Q: Does Lexapro sometimes cause sudden outbursts in temper?
A: Lexapro (Cipralex) is in a drug class called selective serotonin reuptake inhibitors (SSRIs). Lexapro is used to treat depression and generalized anxiety disorder (GAD). Outbursts in temper are not specifically listed as a side effect of Lexapro, according to the prescribing information. However, according to the prescribing information for Lexapro, patients being treated with Lexapro for major depressive disorder (MDD) or other conditions should be monitored for worsening of symptoms, suicidality, and unusual changes in behavior, especially in the first few months of treatment or when a dose change occurs. The symptoms that need to be watched for include anxiety, agitation, panic attacks, hostility, irritability, aggressiveness, impulsivity, akathesia (restlessness), hypomania, and mania. Hypomania or mania are characterized by increased energy and mood. Although there is no distinct connection between these symptoms and worsening of depression or suicidal impulses, it is believed these symptoms may be the precursors to suicidal thoughts or actions. It is important to contact a health care provider to report any new or sudden changes in mood, behavior, thoughts, or feelings. For more specific information, consult with your doctor or pharmacist for guidance based on your health status and current medications, particularly before taking any action. Kristen Dore, PharmD
8. Cautions with other medicines
Some medicines and Cipralex can interfere with each other and increase the chances of you having side effects.
Tell your doctor if you're taking these medicines before you start Cipralex:
- any medicines that affect your heartbeat - Cipralex can speed up or change your heartbeat
- any other medicines for depression - some rarely used antidepressants can interact with Cipralex to cause very high blood pressure even when they have been stopped for a few weeks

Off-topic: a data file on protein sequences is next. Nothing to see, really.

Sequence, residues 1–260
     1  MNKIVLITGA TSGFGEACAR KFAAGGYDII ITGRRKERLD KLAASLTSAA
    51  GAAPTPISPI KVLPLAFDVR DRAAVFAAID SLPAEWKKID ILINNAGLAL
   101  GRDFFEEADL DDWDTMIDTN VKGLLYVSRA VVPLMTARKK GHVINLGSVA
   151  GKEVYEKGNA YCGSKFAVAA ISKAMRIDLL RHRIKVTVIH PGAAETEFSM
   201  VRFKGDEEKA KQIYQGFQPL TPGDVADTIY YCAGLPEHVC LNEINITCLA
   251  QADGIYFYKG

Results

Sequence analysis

These aren't all the medicines that can interfere with Cipralex.
For a full list, see the leaflet inside your medicine packet or check with your pharmacist.
Q: I've been on 5 mg Lexapro for 2 weeks and am more depressed than when I started. Is this the right drug for me?
A: Lexapro (Cipralex) is intended for the treatment of depression and anxiety. Some patients do experience worsening symptoms or thoughts of hurting themselves in the first weeks of treatment. Because this is happening to you, you should contact your health care provider at once. Finding the right medication for your depression can take some time and often involves trying several medications to see what works and is well tolerated. For more information, please visit //www.everydayhealth.com/depression/guide/ and //www.everydayhealth.com/drugs/lexapro. Michelle McDermott, PharmD
What other drugs will affect Cipralex (Lexapro)?
Taking Cipralex with other drugs that make you sleepy can worsen this effect. Ask your doctor before taking a sleeping pill, narcotic medication, muscle relaxer, or medicine for anxiety, depression, or seizures.
Tell your doctor about all medicines you use, and those you start or stop using during your treatment with Cipralex, especially:
- any other antidepressant;
- medicine to treat anxiety, mood disorders, or mental illness;
- lithium, St. John's wort, tramadol, or tryptophan (sometimes called L-tryptophan);
- a blood thinner--warfarin, Coumadin, Jantoven;
- migraine headache medication--sumatriptan, rizatriptan, and others;
- narcotic pain medication--fentanyl or tramadol; or